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Gamer Double Fine Works Around Publishers

Game-makers are in San Francisco this week for the industry's largest global event. Roughly 20,000 people from 100 countries are there. And a game that hasn't even been created yet is getting lots of attention. It's also exposing the rift between the creative and business minds in this $33 billion industry.
NPR

Wal-Mart Ads Targets Regional Grocer Harris Teeter

In North Carolina, Wal-Mart has unveiled a new ad campaign in the Charlotte area. The ads are unusual because they target the small, regional grocery chain Harris Teeter. Wal-Mart is the largest retailer in the world. Harris Teeter is 207th. In the commercials, Wal-Mart says it sells the same items as the local chain, but for less.
NPR

Forget The Robots: Venture Capitalists Change Their Health Care Investments

As biotech investments and medical device development falters, hospitals are turning to other avenues to help cut costs: streamlining billing systems and investing in simpler medical products.
NPR

Facebook Co-Founder Chris Hughes Is Buying 'The New Republic'

"People still want independent, rigorous reporting and The New Republic has been a place where that happens," he tells Morning Edition's Steve Inskeep. He sees a way to connect long-form journalism to the digital age, thanks to tablets.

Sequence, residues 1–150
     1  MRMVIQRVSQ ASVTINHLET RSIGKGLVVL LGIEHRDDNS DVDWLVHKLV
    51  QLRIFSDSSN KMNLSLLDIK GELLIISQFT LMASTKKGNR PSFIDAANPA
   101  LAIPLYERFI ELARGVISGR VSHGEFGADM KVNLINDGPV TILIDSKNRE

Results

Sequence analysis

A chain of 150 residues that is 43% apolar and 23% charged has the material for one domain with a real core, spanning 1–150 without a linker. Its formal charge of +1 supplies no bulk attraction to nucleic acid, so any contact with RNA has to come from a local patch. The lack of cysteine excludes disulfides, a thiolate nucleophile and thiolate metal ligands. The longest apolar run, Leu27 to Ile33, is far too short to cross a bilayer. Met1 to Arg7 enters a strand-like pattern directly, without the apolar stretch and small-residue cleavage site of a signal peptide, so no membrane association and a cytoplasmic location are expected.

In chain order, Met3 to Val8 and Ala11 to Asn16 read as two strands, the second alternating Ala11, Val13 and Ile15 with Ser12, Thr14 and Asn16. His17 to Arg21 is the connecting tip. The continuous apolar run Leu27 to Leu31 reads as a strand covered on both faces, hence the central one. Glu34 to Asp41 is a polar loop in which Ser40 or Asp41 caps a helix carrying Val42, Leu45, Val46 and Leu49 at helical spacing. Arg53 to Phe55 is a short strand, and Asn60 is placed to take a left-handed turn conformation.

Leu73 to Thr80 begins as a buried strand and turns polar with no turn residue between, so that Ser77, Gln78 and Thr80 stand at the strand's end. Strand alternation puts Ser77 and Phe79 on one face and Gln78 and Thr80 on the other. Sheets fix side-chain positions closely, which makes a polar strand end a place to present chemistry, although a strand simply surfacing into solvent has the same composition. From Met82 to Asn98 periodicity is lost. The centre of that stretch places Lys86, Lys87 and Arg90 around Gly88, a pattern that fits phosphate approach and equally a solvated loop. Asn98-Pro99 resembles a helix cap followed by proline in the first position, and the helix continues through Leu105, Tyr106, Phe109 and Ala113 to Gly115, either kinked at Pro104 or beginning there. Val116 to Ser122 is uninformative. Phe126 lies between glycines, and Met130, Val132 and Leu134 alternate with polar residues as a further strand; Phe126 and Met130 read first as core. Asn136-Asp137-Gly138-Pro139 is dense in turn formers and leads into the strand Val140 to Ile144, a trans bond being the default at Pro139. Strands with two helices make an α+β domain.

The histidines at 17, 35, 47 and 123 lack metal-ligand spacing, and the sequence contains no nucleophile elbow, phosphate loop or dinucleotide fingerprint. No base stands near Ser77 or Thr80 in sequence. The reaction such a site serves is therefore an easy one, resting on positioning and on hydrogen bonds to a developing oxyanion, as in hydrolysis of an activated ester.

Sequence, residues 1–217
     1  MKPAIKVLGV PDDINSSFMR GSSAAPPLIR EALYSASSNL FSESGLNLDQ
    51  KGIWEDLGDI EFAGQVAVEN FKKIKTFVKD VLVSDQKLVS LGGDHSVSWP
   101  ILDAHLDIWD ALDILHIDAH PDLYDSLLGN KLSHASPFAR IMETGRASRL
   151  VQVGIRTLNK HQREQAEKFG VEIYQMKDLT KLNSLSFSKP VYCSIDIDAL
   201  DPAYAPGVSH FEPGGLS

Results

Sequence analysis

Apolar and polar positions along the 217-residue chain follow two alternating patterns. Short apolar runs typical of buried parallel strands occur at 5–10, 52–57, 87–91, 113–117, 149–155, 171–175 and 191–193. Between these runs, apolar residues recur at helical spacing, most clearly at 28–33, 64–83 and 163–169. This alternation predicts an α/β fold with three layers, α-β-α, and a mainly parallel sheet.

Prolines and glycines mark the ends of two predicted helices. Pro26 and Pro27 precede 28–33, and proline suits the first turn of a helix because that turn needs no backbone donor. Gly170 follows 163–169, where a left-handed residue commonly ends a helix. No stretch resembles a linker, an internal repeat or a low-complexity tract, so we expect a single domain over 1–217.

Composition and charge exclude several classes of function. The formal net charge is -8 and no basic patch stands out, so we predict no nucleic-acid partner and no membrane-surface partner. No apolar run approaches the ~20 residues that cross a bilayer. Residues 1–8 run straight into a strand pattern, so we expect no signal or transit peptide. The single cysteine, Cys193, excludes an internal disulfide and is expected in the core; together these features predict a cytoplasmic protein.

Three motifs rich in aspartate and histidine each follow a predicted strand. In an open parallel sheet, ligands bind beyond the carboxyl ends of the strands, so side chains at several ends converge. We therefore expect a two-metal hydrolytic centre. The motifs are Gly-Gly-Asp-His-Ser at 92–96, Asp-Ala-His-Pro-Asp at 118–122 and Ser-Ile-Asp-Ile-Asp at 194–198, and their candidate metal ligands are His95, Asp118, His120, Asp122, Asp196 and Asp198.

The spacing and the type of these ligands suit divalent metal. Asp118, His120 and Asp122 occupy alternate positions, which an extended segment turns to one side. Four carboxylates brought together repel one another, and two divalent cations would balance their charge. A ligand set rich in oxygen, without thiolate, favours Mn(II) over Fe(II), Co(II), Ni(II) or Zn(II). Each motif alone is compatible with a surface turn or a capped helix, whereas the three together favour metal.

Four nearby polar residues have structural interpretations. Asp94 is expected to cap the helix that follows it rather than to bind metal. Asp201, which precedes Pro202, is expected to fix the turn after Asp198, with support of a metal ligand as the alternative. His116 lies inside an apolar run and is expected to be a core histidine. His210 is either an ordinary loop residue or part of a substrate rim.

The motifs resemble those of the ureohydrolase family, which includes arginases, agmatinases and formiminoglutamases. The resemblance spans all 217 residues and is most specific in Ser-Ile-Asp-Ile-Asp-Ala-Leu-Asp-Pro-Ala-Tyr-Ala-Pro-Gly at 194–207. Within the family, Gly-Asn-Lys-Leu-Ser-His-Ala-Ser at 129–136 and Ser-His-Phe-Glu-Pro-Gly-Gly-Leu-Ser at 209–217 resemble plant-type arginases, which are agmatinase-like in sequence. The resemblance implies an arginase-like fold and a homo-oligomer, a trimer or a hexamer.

NPR

House OKs Jobs Bill In 'Rare Agreement' With Obama

The "Jumpstart Our Business Startups (JOBS) Act" passed the Republican-controlled House with the administration's support. The legislation's fate is less certain in the Senate, but Democratic leaders have said they will take it up.
NPR

Creditors Face Deadline In Greek Bond Swap

The bond swap that will cut Greek debt by at least 50 percent is set to be the largest sovereign debt restructuring in history. Private creditors will take up to a 70 percent loss on their bonds, which is why some of them are balking at the offer. But because many of the creditors are also pension funds, the loss will also trickle down to Greek retirees.
NPR

Japanese Uneasy With State Of Nuclear Regulation

Japan has relied on nuclear power for nearly a third of its energy needs. Since the nuclear meltdown last year, only two of the country's 54 reactors are active. Steve Inskeep talks to Ken Cukier, of The Economist, about how businesses are faring since the nuclear crisis.

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